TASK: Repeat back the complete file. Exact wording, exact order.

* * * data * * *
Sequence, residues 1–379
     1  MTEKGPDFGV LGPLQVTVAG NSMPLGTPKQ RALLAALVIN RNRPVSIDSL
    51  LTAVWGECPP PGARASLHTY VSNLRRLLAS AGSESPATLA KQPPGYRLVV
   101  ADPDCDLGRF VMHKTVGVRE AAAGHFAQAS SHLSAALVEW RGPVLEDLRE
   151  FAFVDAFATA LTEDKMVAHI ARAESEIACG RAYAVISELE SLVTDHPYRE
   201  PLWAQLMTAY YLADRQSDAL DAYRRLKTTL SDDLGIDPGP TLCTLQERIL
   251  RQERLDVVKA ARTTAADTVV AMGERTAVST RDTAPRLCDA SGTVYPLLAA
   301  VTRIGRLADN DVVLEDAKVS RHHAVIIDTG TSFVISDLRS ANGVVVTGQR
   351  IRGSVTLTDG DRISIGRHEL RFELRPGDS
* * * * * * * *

Sequence, residues 1–379
     1  MTEKGPDFGV LGPLQVTVAG NSMPLGTPKQ RALLAALVIN RNRPVSIDSL
    51  LTAVWGECPP PGARASLHTY VSNLRRLLAS AGSESPATLA KQPPGYRLVV
   101  ADPDCDLGRF VMHKTVGVRE AAAGHFAQAS SHLSAALVEW RGPVLEDLRE
   151  FAFVDAFATA LTEDKMVAHI ARAESEIACG RAYAVISELE SLVTDHPYRE
   201  PLWAQLMTAY YLADRQSDAL DAYRRLKTTL SDDLGIDPGP TLCTLQERIL
   251  RQERLDVVKA ARTTAADTVV AMGERTAVST RDTAPRLCDA SGTVYPLLAA
   301  VTRIGRLADN DVVLEDAKVS RHHAVIIDTG TSFVISDLRS ANGVVVTGQR
   351  IRGSVTLTDG DRISIGRHEL RFELRPGDS